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The “Smart House”:  Promoting Science in Oldenburg
The idea behind the “Smart House”

When Oldenburg was awarded the designation „City of Science” in  Germany’s annual  “Stadt der Wissenschaft“ competition in 2009, it was decided that more should be done to promote public awareness of science and scientific developments,  especially at research and academic institutions in the region. Traditionally, such institutions have rarely developed educational programmes tailored to the needs of the general public. However, the primary goal of this effort was to make science more accessible to the public.

The idea of providing a single venue for the project emerged, leading to the establishment of the “Smart House”. In 2010 the foundation stone for the complex was laid, and it opened its doors in 2012.  Located in Oldenburg’s historic city centre, the Smart House offers an ideal platform for co-operation and dialogue between institutions of higher learning, business, government, and members of the general public. Here, presentations, workshops, and exhibitions give the public an opportunity to learn about and benefit from the insights of scientists who are experts in their fields.

The Smart House seeks to promote Oldenburg as an ideal location for scientific research and higher education. In addition, it supports development processes which ensure that the region< is able to meet the challenges of the future.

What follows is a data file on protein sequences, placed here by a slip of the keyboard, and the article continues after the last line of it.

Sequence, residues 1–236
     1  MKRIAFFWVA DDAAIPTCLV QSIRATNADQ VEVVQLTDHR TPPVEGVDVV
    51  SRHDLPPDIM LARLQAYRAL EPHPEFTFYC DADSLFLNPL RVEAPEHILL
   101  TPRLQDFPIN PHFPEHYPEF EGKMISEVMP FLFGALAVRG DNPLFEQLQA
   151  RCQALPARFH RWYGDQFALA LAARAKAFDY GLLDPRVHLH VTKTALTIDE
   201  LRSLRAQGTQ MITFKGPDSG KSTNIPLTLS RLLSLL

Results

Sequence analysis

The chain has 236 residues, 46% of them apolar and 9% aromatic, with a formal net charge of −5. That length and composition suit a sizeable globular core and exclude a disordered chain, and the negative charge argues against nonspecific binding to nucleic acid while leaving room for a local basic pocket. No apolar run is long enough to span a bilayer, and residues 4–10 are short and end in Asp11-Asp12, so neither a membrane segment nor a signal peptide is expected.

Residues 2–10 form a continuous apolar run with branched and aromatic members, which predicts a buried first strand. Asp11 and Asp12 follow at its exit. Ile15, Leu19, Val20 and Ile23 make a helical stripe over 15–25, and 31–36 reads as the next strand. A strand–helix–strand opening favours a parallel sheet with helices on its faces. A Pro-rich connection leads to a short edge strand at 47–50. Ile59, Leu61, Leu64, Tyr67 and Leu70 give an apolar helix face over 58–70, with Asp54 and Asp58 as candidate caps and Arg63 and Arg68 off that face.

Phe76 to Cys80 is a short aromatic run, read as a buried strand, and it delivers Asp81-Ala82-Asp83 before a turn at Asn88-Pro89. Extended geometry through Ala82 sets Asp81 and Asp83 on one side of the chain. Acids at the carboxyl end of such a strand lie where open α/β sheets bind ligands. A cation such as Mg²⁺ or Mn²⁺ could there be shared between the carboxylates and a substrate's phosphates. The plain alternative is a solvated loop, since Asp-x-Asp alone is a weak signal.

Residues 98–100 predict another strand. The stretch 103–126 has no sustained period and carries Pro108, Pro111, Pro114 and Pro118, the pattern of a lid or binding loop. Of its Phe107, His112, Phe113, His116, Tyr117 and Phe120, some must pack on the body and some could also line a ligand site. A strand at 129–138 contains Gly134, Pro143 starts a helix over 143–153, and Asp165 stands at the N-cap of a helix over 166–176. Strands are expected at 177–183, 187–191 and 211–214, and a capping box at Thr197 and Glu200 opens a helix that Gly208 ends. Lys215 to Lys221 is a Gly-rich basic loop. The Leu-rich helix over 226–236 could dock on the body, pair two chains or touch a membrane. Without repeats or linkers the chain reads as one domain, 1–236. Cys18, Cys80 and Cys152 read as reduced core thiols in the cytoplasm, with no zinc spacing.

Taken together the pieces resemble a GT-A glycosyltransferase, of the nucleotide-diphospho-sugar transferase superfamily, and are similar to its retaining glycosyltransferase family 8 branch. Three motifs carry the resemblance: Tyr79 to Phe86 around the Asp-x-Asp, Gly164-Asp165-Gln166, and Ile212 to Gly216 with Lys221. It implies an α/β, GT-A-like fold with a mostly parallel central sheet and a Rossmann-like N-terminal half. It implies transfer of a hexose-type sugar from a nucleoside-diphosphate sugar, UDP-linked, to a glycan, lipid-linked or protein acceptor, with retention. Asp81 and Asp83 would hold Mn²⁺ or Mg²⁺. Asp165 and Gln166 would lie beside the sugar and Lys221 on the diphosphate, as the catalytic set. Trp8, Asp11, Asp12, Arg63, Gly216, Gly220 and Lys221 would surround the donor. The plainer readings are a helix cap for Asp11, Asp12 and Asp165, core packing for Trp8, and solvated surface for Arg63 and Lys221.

Architecture of the Smart House

The oldest building in Oldenburg – a historically protected residence- was chosen for the Smart House. Its renovation took over two years and involved the incorporation of a number of innovative and sustainable technologies. The original historic building has been extended to include a newly constructed addition with a large window front facing the street, providing ample natural light.

The Smart House combines both new and old architectural features. Examples of modern technology such as photovoltaic modules make for a building that is “fit for the future”. A light shaft extends from the ground floor to the ceiling, bringing sunlight to areas of the interior that would otherwise be dark. Thanks to its design, the light shaft also provides optimal natural ventilation for the entire building. Other examples of “smart technology” include energy monitors which keep track of energy use as well as motion detectors which regulate lighting and ventilation.

Concept of the Smart House

The concept for the utilization of the Smart House is as innovative as its architecture. All year round, it serves as a venue for academic conferences and symposia held by the University of Oldenburg and the Jade University of Applied Sciences.  More than 670 m² of floor space as well as modern conference rooms – equipped with the latest audiovisual technology – create an ideal setting for presentations and discussions. Two exhibition areas provide space for hands-on scientific demonstrations.

Scientists from both universities regularly conduct workshops and hold presentations on recent research findings as well as on general developments in science. These are geared specifically toward the general public. Thus, the Smart House offers an ideal forum for the world of science to communicate with the wider world.